Too often do we wait for God to be ready, rather than realizing that instead that we’re the one who isn’t ready. “Any day now, Lord.” Such words that have left my tongue regarding almost every aspect of life; from job promotions, new friendships and relationships, career opportunities, and that frustrating instance when the inductive loop system (trip) doesn’t pick up the fact that I’ve been sitting at a red light for what feels like an hour. The coils in the road sense you, but you never know if someone else will speed up to try to make it through the yellow light, blindsiding you and haunting your forward progress as soon as it begins.
Impatience seems to be about as much of a part of our daily lives as our 5 basic senses. “I need this sensation of taste/ touch now!” Have you forgotten that before you taste the bread, you first smell it? There’re times in our life where we begin to feel a little bit to “at home,” it’s as quickly as the sensation of smell strikes your nose. Suddenly, you seem stuck in life, this is only the first sense, as you smell change brewing as God begins to stir your comfort levels. Yes, dearly beloved, in today’s article we are going to talk about patience, and along the way I want to illustrate the change and our longing for change, by comparing it to our 5 basic senses. At first, you smell what you want, but there’s a lot that happens in between smelling it, and tasting it.
Let’s start by understanding the importance of patience. Of course, we’ve always heard about how patience is a virtue. How silly is it? to water its importance down to a single word, “virtue.” When we allow our hearts to be covetous, all of a sudden “virtuous” is the last thing we care to be. “Why should I become virtuous when this captivating new shiny object projects unto me a happiness I can be certain of?” Well, because you can’t be certain of it, but even assuming you can be certain of the thrill, continuously having your expectations met, doesn’t put your spirit in a place that allows the Lord to lead your path. Patience isn’t only about waiting for what you want, it’s equally about learning how to accept the absence of the things you can’t have.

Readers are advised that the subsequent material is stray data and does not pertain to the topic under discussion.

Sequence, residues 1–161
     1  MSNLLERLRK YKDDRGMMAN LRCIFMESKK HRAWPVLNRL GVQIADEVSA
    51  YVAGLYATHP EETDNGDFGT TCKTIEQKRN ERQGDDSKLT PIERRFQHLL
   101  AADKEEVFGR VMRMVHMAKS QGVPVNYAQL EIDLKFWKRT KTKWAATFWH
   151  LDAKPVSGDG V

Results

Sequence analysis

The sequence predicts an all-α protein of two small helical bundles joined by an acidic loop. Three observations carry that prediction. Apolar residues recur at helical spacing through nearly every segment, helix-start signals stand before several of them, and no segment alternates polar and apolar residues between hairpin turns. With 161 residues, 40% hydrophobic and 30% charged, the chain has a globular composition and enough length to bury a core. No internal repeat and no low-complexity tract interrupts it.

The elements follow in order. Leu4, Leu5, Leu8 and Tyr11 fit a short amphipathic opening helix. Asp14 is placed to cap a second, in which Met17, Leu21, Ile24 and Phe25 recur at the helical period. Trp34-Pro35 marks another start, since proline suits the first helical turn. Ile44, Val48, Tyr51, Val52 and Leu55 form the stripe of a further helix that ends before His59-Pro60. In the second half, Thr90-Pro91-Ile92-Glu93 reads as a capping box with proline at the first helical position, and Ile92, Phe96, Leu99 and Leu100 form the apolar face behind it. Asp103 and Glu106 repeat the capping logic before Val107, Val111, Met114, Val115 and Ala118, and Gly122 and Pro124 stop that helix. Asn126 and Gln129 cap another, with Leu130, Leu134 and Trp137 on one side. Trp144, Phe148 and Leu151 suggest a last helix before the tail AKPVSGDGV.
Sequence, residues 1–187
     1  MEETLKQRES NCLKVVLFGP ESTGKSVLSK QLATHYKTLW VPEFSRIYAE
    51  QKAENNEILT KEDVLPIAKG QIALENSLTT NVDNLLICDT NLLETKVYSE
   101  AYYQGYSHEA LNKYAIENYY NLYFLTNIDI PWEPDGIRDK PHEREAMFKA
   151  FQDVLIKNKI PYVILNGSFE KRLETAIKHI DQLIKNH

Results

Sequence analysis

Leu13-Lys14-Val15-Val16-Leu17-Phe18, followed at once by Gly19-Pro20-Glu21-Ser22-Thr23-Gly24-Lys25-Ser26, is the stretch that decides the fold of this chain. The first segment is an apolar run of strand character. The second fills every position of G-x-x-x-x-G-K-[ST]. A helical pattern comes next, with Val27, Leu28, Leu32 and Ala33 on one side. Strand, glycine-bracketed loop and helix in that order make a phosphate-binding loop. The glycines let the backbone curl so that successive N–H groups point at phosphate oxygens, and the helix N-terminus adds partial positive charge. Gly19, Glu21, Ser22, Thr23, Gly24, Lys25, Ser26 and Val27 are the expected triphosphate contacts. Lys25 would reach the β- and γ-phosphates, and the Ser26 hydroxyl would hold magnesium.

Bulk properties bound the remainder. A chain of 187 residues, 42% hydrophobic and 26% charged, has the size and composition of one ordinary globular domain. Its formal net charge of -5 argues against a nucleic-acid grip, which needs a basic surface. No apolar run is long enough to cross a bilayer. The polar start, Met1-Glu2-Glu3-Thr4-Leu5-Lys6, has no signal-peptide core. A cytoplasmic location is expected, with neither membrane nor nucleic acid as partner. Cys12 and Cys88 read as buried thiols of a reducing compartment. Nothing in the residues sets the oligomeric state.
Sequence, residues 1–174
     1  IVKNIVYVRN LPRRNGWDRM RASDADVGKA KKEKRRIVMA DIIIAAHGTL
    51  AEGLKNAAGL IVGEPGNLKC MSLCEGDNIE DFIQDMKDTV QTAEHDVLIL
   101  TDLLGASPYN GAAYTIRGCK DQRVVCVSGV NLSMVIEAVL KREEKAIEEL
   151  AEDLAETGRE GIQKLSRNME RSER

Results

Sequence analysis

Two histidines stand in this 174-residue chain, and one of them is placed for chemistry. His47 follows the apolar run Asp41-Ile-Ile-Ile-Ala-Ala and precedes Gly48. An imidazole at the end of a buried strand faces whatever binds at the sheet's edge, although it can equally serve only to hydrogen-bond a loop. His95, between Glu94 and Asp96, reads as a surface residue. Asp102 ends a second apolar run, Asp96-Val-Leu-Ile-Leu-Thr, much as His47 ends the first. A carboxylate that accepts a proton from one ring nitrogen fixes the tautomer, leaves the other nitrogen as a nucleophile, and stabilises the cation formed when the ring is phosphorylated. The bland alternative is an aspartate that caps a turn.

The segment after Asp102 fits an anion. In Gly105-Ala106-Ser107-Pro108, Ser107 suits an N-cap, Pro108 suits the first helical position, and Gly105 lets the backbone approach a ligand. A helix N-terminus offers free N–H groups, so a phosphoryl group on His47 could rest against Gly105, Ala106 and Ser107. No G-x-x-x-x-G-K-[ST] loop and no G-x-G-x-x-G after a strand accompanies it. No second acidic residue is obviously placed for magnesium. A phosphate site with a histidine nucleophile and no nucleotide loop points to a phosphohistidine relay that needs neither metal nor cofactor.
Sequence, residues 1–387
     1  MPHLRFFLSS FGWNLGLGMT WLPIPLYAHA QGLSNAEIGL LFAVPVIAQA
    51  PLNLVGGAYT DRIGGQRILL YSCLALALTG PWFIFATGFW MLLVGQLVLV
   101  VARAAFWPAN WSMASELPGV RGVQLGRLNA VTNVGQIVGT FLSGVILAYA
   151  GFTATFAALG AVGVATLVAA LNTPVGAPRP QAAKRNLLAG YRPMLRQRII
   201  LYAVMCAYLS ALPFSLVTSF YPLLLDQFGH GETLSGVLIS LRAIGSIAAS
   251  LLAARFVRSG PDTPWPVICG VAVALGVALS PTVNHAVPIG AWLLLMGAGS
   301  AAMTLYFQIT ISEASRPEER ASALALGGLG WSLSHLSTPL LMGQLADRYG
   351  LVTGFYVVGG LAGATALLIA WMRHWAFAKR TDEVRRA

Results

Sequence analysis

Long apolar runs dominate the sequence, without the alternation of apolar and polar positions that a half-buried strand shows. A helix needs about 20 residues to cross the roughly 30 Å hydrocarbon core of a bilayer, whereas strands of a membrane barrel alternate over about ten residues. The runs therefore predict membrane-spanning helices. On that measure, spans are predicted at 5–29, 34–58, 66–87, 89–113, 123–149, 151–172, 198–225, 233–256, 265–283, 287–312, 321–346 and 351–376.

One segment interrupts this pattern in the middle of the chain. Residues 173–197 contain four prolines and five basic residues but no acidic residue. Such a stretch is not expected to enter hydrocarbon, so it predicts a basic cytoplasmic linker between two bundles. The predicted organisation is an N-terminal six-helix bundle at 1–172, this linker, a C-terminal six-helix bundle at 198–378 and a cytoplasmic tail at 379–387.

Patience is actually more than just a “virtue.” It’s a characteristic of the righteous. While the righteous are full of virtue, one who is virtuous is not always righteous. Because God has placed compassion in the hearts of a majority of the population (given the statistics surrounding sociopaths), it’s not difficult to find a virtuous atheist. Are the Mormon’s and Jehovah’s Witnesses virtuous people? Of course they are! However, we know that righteousness is reserved for those who know the Lord Jesus, and not for those who worship Michael, or misconstrue Christ’s origins, taking him as the brother of Lucifer. Patience is just as much a part of godly living as joy, peace, compassion, humility & gentleness.
“Okay so on one hand, I’m supposed to seek out what God is doing, and I’m supposed to long for his return, but I’m also supposed to be patient and wait on him to move?” Yes.
Well, no in regard to that example. The day of the Lord will be dreadful (Amos 5:18), and not something you should look forward to. However, when it comes to your daily life, and the progress you make in respect to your job or relationships, the very thing you should do, is seek what God is doing, and patiently wait for it to come to fruition. However, there are some steps in between, always remember that the Lord will only open doors for you, but you’ve got to be the one who steps out in faith.